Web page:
UNION MADE: The Importance of Keeping the Union in the Mix

Public Domain

by Dean Okrand, CAS

Even though I grew up in Los Angeles, I had no family or close friends connected to the film or television business. But I did have a sense of labor unions and how they impacted people’s lives.

In the late 1930s, my father, an attorney, worked for a small firm that had two clients, all the CIO unions in Southern California (long before the CIO merged with the AFL) and the ACLU. My family would go to the Amalgamated Clothing Workers Christmas Party every year. I would hear stories about famous members of Local 47, the musicians union. National labor issues were often talked about around the dinner table, as were civil rights and first amendment issues. Unions were a part of my upbringing and would mold how I looked at life.

During high school (the late 1960s) the Vietnam War was raging and the music scene was exploding. I volunteered at a non-commercial radio station in Los Angeles (KPFK) that was on the cutting edge of a new and unique cultural and arts scene. I found myself hanging out there a lot and became fascinated with broadcasting in general and the engineering aspect in particular.

At age 16, after volunteering in the news room writing copy, I obtained an FCC license that allowed me to run the broadcast board. I even finagled my own “middle of the night rock music show” that I engineered and hosted. In college, where I studied American history, I worked at the campus radio station and, after graduating from UC Berkeley, volunteered at KPFA in Berkeley (KPFK’s sister station). While there, I engineered live music, both in-house and remotes from various Bay Area music clubs, ran the broadcast board and produced documentaries. Sound production had hooked me, and I knew I wanted to pursue this as a career.

I worked at a non-union facility and was beginning to see the differences in pension (we had none) and medical benefits, pay scales, and other working conditions between non-union and union facilities doing the same work for the same clients. For me, it was a no-brainer to contact IA 695.

At age 25, I moved back to LA in order to find work as an engineer in a recording studio. After about nine months of knocking on doors, I finally landed a job as a second engineer (sort of like a recordist) at Sunwest Recording. Sunwest was a pretty hot recording studio and the new owner wanted to branch out into new technologies. It was one of the first studios to post sound for videotape on multi-track tape recorders. For the first time, there were no machines with sprocket holes — only tape. Similar SMPTE time code on both the multi-track and video recorders were compared by a synchronizer that controlled the transports of the machines in order to keep them in dead sync. This worked…most of the time.

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The infancy of mixing on tape required innovation. Tape mixers not only mixed, but built all the elements. We pre-laid sound effects and music. There was minimal dialogue editing. Re-synching original audio was done by hand. We dabbled in Foley and ADR. And we mixed the shows to the same multi-track on which all the elements lived. Moving elements during a mix was cumbersome at best. We mixed to a mono-composite track, there was no automation, and corrections could sometimes be quite dicey. But we learned and the craft advanced.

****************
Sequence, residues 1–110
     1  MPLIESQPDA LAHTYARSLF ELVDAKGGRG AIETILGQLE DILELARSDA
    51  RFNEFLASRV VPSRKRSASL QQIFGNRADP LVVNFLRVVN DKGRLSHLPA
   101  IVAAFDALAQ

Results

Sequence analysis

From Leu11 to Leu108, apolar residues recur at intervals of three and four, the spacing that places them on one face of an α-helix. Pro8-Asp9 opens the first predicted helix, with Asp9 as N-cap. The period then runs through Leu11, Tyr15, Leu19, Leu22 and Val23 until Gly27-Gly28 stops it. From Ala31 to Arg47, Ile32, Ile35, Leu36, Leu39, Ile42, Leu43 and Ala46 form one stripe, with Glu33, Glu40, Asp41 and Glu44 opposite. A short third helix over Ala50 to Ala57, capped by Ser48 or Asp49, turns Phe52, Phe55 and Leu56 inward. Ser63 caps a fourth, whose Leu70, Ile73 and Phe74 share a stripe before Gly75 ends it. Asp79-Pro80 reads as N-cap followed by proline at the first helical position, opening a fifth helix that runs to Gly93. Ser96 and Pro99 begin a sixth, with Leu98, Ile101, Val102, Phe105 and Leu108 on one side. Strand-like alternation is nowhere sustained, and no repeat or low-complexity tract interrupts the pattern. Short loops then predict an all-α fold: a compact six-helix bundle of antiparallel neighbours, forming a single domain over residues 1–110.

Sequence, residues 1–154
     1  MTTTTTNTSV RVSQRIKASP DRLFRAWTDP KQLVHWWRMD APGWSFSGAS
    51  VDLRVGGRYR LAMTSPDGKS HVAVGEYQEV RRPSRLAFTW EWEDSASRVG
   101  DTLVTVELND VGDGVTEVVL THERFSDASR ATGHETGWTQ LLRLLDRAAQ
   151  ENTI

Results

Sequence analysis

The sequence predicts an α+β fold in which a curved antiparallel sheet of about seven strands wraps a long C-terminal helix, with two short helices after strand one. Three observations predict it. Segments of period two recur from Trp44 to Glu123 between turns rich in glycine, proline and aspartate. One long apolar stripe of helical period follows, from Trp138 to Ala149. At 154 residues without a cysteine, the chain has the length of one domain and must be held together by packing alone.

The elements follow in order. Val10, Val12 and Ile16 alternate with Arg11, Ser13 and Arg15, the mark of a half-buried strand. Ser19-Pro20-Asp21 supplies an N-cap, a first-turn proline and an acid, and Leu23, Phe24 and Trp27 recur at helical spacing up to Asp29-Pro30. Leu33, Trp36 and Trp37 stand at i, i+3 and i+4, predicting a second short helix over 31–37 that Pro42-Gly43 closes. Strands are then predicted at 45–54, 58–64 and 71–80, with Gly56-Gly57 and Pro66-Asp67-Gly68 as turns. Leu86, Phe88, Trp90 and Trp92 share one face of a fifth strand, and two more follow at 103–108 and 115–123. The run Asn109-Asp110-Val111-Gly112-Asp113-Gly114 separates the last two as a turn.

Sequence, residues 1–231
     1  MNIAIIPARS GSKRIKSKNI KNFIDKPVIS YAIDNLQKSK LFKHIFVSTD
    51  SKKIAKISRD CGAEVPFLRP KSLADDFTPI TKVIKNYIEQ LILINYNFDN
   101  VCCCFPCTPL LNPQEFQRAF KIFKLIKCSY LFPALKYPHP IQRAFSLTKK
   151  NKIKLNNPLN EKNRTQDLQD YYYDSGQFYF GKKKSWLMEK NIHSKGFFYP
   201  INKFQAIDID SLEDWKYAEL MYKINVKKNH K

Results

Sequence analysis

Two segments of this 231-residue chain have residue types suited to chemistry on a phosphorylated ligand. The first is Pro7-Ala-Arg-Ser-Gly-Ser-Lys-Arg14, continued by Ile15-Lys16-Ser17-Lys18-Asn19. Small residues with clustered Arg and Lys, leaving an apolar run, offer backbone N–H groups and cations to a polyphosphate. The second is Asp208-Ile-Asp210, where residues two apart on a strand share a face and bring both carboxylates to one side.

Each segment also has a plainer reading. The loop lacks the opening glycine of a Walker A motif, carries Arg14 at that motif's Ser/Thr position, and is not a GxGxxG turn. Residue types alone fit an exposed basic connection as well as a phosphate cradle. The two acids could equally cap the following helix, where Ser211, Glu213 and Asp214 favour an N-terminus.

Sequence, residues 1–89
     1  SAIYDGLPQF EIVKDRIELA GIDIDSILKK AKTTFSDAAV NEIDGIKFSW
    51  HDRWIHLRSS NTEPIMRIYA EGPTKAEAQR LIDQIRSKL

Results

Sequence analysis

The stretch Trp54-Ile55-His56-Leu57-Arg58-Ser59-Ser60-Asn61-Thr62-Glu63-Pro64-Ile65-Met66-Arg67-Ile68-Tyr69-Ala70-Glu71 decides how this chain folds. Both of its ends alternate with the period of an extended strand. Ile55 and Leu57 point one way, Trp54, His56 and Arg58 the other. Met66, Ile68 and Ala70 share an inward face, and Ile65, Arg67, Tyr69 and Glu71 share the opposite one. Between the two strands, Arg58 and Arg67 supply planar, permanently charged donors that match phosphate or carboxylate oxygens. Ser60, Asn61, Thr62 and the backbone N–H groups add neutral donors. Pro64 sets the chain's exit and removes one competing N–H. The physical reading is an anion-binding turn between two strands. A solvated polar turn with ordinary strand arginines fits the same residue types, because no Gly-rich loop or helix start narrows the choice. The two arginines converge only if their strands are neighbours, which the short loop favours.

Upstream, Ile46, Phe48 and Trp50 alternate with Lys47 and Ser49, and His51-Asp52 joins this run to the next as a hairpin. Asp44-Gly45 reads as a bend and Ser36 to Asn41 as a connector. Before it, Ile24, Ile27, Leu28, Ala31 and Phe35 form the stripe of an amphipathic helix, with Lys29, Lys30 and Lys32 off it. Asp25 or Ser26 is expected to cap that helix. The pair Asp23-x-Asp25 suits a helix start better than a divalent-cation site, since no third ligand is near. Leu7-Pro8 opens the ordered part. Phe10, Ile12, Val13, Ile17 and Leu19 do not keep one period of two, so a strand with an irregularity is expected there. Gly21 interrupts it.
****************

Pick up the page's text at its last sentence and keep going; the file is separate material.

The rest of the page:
Sunwest is where my two worlds collided. I worked at a non-union facility and was beginning to see the differences in pension (we had none) and medical benefits, pay scales, and other working conditions between non-union and union facilities doing the same work for the same clients. For me, it was a no-brainer to contact IA 695 (the only sound local at the time). Shortly thereafter, a vote was taken by the employees and the owners signed the IA Basic Agreement.

Being a member of IATSE opened up a whole new world of job opportunities. A couple of years later, I moved over to Glen Glenn Sound. I recorded for Tommy Huth, who was an excellent teacher and a very busy mixer. In fact, he had too much work and, since all of his clients knew me, it made sense to bump me up to mixer to take some workload off of Huth.

I must say, it was a rough start for me. Sound moves really fast while sitting at the console! There was still no automation, and I was not very happy with some of my early work. But I loved what I did, persevered and am very proud of many of the programs and sound jobs I have mixed — from early videotape shows such as Real People to The A-Team (film mix) and Northern Exposure (three 24-track multi-tracks) to Terra Nova and Modern Family (entirely Pro Tools on Pro Tools surfaces). I love listening to the finished work that the entire sound team creates.

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I have been a re-recording mixer for 33 years, and the idea of turning a production track into a full, complete and seamless sound track — that hopefully enhances and advances the project — still fascinates and excites me.

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